Diwali in UAE: How expats find their own ways to make the festive season memorable for their families

Despite missing home and family, expats in the UAE find their own ways to make the festive season a time to remember

By Asha Iyer Kumar

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Published: Thu 2 Nov 2023, 6:51 PM

Last updated: Thu 2 Nov 2023, 6:52 PM

Poetic justice. It is what we seek in all stories. There is only one thing we expect in all our narratives: That virtues be rewarded, and vices be punished. It is not just another literary term that makes the plots in our movies and novels palatable to us. It is a fact that has kept our faith alive through the ages — a pronouncement of fairness prevailing over dark, diabolical transgressions.

Each epoch in the history of mankind has had a need to renew its faith in poetic justice to keep moving on, for strife has been endemic to our existence. Our history is replete with chronicles of war. We have fought and died hundreds of times, yet mankind has survived, only because after every phase of darkness comes light, and in that light, we revive. We find courage in our indomitable spirit; we reinforce our faith through our traditions, and we rediscover our joys in our celebrations. No matter in which far-flung corner of the globe we go, we carry our festive ethos with us and make it an occasion that can get as close as possible to the real deal in the home town.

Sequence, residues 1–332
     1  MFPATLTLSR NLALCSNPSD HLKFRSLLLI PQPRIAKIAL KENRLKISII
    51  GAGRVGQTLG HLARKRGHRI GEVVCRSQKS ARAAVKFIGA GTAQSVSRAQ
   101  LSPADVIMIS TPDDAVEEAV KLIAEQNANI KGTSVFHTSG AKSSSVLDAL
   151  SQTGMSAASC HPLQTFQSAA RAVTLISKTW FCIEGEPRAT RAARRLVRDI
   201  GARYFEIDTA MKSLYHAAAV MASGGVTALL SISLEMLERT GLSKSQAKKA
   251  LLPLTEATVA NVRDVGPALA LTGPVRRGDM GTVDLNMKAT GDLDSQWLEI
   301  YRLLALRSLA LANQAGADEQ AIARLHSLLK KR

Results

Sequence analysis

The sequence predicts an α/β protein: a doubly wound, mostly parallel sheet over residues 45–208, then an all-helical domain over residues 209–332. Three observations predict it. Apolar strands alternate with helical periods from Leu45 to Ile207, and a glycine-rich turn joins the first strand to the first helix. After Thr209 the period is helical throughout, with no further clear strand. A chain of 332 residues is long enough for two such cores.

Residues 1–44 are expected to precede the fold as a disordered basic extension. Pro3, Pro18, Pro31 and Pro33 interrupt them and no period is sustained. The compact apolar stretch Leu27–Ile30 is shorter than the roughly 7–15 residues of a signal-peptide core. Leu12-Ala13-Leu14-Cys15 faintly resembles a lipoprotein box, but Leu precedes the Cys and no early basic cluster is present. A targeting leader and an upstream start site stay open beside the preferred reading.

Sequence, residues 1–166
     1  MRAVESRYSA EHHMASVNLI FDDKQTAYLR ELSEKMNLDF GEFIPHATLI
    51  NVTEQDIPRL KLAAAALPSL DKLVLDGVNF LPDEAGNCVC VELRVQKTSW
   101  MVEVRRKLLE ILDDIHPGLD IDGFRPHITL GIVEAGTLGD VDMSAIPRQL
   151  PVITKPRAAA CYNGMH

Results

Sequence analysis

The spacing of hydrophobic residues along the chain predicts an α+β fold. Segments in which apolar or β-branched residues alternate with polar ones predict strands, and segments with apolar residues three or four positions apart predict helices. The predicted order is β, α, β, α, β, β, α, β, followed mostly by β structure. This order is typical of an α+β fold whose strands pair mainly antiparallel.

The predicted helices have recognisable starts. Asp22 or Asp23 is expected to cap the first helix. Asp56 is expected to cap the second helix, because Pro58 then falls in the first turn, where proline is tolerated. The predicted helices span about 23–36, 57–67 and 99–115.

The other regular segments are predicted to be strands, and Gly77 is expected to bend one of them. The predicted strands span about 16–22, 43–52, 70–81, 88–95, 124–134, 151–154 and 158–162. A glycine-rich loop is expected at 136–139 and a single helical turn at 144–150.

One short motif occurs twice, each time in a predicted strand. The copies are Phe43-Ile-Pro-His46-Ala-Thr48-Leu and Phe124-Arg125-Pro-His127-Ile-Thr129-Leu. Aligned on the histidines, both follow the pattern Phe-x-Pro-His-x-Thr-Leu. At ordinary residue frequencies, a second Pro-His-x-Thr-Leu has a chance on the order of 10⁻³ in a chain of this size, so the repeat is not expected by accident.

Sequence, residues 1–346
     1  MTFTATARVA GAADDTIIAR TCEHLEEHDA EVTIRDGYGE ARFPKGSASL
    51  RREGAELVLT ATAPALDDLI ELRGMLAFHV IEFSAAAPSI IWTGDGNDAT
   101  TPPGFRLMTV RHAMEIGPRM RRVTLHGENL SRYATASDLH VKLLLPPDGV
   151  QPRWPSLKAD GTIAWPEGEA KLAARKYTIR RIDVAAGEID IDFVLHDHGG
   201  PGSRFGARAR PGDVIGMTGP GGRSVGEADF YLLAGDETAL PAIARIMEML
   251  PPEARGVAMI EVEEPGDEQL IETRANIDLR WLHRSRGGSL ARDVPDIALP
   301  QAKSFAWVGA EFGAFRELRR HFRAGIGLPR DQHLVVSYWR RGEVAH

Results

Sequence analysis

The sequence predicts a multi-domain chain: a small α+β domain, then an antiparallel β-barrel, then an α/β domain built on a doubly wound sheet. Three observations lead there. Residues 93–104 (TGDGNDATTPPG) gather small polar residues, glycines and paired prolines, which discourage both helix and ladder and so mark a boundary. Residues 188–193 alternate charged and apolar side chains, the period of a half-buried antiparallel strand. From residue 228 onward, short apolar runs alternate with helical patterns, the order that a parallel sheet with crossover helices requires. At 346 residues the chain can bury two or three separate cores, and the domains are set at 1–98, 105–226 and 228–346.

Expounding the way we have learnt to adapt and wrap our joys around the changing milieus of life, Radhika Venugopal, an expat in the UAE for 19 years, says, “Festivals mean a lot more than usual when we are away from home. We try to bring in our tradition and the enjoyment of Diwali that we used to have there. Earlier we used to miss home and looked for cheap flights during Diwali, but now we make it a gala event with our family and friends here.” This sentiment, however, does not ring true for everyone. Relocation from one’s roots sometimes takes away from the true spirit of festivity, feels Uma Jaria, an astrologer and vastu expert based in Dubai.

Although Jaria and her family leave no stone unturned in making their Diwali celebrations memorable every year, she is also overcome with a longing for the bygone times back home. Advancement in technology has impacted our festive approach and practices, she feels, resulting in a lack of ‘personal touch’ in our celebrations. “Earlier people used to go and personally meet and greet, exchange sweets and gifts. But now everything has become virtual and the bonding is lacking,” she says. It is a trend that she finds disconcerting given the need for emotional connect between people in these troubled times.